Road to Sturgis - Don’t Eat The Road Corn

A Second Bite of Sturgis

By Joe Gresh, Photography by John Flores

Classic cars parked bow-high are the seating for the drive-in. Tonight’s show is “The Wild Ones,” starring Marlon Brando and Lee Marvin. Stumbling through the dark to the theater, Flores casually mentions to me that no one has ever left the Shooting Star Drive-In alive. Sitting alone in my Cadillac, snatches of conversation blow in with the night air, nervous laughter…. murmurs. Clouds roll over the moonlight. It’s so dark. Besides the flickering black and white scenes of mayhem playing across the screen, the Caddie’s radio dial is the only light. What year is this? Sounds….did someone say road corn? Nah, must’ve been popcorn. Had to have been popcorn. I roll up the window and lock the door. Drafty in here.

Marlon gives the soda-fountain chick his ill-gotten trophy and the movie ends. The screen darkens, the cars fall silent, and a ghostly pall descends. We grope our way back to the trailers. Starlight, star bright, don’t let the chainsaw-wielding mass-murderer get me tonight!

Everything from moonscapes to wild, pink smudge-castles to multi-colored layers of geologic history line Utah’s Highway 95. And if it wasn’t 103 degrees and we weren’t running out of gas, I could relax and enjoy it. These big Victorys are getting around 40 mpg for a 200-ish range. We've travelled 189 miles and the dash computer display is nagging me “Get gas, you idiot!”

Manny’s route becomes more diabolical as the trip wears on. He threatened us with epic and I must say he’s delivering. Lanes shrink smaller and smaller until short sections of dirt road appear ahead of the CCTour’s fairing. This is adventure bike territory, not ideal for full-boat touring rigs. Out of their element, the 800-pound Victorys still exhibit excellent off-road behavior (within reason). The anti-lock brakes work well in the dirt. Go ahead and grab a handful—the front won’t wash out.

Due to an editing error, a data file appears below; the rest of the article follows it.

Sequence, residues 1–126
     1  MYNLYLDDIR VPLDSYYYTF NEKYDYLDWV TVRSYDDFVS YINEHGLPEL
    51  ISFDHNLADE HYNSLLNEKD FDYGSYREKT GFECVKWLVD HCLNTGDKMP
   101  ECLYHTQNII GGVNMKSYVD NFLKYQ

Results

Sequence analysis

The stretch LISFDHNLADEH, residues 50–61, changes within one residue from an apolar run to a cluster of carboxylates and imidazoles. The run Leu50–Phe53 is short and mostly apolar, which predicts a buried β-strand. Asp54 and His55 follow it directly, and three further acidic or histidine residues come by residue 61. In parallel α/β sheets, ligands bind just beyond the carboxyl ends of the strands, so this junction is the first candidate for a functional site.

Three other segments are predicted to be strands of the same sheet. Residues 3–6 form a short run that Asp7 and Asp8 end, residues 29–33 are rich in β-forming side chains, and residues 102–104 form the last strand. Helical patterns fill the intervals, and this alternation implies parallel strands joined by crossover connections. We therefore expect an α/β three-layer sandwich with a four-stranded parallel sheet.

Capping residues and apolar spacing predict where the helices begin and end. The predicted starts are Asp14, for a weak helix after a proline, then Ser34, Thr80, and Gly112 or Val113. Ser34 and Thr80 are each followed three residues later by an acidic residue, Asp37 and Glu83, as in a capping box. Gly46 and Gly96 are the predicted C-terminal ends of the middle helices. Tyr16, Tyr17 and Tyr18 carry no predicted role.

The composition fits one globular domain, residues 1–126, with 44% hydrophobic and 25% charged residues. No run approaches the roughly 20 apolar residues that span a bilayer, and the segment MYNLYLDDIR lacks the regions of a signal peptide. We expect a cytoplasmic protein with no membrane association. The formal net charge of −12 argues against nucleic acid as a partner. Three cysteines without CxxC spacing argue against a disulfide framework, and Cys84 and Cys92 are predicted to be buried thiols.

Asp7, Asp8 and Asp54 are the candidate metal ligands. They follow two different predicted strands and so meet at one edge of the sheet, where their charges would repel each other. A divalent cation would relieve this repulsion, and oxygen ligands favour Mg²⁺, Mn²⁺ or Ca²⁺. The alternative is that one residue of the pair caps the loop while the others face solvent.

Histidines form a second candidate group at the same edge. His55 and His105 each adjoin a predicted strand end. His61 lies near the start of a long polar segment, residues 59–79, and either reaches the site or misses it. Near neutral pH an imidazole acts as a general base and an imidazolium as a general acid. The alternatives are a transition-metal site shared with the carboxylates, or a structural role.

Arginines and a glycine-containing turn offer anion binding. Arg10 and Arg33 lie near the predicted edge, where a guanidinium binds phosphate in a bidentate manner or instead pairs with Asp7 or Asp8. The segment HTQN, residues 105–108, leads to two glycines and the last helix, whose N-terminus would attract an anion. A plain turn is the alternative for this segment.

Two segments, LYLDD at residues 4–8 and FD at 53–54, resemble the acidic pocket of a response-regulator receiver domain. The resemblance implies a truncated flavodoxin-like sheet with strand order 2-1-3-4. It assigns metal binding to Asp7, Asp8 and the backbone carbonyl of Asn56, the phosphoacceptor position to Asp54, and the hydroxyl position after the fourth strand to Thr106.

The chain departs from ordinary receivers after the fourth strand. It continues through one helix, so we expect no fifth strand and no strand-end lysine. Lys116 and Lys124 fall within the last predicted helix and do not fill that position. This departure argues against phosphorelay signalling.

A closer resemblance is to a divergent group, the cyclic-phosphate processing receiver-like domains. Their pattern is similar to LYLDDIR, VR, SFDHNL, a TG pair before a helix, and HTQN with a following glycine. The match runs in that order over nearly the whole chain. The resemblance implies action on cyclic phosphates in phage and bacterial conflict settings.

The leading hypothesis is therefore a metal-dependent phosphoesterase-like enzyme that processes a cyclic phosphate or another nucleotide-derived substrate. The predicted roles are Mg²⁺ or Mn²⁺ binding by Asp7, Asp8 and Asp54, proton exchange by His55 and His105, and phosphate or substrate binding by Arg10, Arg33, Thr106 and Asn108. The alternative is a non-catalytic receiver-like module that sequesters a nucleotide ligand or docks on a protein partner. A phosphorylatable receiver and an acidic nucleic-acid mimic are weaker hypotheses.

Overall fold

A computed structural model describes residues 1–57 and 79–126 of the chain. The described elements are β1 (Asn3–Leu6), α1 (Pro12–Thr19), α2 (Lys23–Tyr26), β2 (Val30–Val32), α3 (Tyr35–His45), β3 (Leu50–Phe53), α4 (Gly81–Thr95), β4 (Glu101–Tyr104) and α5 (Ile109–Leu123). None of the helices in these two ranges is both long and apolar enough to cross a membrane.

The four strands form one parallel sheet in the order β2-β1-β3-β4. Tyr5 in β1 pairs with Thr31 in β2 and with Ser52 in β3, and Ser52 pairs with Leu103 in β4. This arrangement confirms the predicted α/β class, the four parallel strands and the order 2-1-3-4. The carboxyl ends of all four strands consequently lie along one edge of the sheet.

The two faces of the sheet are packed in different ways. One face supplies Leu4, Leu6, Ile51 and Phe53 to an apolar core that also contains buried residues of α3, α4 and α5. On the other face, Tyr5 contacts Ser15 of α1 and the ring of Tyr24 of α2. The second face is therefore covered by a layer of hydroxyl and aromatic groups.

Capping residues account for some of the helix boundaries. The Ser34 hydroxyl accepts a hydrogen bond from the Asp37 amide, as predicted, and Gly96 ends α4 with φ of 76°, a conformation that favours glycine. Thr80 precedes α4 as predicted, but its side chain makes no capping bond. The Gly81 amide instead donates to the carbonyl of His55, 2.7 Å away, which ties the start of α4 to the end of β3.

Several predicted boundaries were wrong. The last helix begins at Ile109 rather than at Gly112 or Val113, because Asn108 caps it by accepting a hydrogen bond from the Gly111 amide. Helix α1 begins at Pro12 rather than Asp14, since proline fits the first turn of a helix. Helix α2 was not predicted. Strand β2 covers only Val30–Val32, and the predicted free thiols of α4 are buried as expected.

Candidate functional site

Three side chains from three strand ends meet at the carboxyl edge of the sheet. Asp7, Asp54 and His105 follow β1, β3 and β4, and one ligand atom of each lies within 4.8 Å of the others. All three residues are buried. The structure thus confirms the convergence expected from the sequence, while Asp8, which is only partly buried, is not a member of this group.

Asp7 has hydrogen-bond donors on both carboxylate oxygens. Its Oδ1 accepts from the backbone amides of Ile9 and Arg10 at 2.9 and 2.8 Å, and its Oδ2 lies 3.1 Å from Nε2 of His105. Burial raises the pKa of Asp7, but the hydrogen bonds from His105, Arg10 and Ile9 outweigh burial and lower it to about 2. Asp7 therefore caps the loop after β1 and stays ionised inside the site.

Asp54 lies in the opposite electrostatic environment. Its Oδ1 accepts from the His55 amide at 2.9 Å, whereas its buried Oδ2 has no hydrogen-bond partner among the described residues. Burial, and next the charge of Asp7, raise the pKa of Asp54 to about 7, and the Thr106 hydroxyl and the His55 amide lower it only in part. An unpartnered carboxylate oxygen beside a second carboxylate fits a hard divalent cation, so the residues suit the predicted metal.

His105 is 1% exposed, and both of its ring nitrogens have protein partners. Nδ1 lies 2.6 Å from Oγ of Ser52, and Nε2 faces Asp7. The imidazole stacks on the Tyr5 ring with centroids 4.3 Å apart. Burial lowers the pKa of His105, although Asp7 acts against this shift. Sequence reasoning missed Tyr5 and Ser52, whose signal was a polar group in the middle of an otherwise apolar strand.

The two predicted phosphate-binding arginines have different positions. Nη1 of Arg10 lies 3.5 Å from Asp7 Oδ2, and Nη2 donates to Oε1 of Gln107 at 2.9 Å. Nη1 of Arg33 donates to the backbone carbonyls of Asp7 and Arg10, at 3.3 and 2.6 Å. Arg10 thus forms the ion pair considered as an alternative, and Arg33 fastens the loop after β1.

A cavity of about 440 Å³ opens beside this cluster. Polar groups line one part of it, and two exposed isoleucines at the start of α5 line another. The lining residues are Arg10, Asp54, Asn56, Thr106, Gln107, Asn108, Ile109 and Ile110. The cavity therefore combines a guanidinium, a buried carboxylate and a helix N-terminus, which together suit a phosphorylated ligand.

Colorado roads climb, the air thins and our pace quickens. I’m grinding on tight right-handers, touching down something hard, inflexible, not the floorboards. I’d look under the bike to see what’s hitting but I don’t want these yokels posting more compromising poses on Facebook. Anyway, it doesn’t hit often, and on left-handers even less so. You really have to lean over to get these bikes to touch down. Drevenstedt sounds like a friggin’ body shop streaking by on the Vision, floorboards smashed onto the pavement. Kids these days. I kick up the volume of the four-speaker, XM satellite radio and shower down on the throttle to keep pace with the lead group. I got my pride.

Time to swap bikes, Victory’s version of full-immersion therapy. The Ness Special felt different enough from my asphalt-colored stocker to warrant a check of rear-shock pressure. Zero, just like the CCT’s, it turns out. On the Ness, it’s probably just the short windshield but I swear the bike felt a wee bit tauter and the teeniest bit sportier. The Ness front speakers were also upgraded but it will take a finer ear than mine to hear the improvement; maybe the shorty faring lets in more wind noise negating the bump in speaker-age.

With 40 psi in the rear shock, dragging floorboards becomes a once, maybe twice-a-day event. I thought the bike handled well before but the jacked-up rear end takes 100 pounds off the bike. Of course, that still leaves you 700 lbs. to deal with.

Out of Fort Collins we drop down into the plains of Nebraska and into the Victory Cross Country Tour’s wheelhouse. Long, straight roads, pounding along at 80-90 mph—it doesn’t get any more perfect for these big-boned touring bikes. The CCT is a highway star: comfortable, smooth, lots of wind protection with just enough agricultural clatter to let you know you’re on an American-made motorcycle. The other guys think endless vistas of grasslands and road corn is kind of boring but I’m digging it. It’s nothing like Florida.

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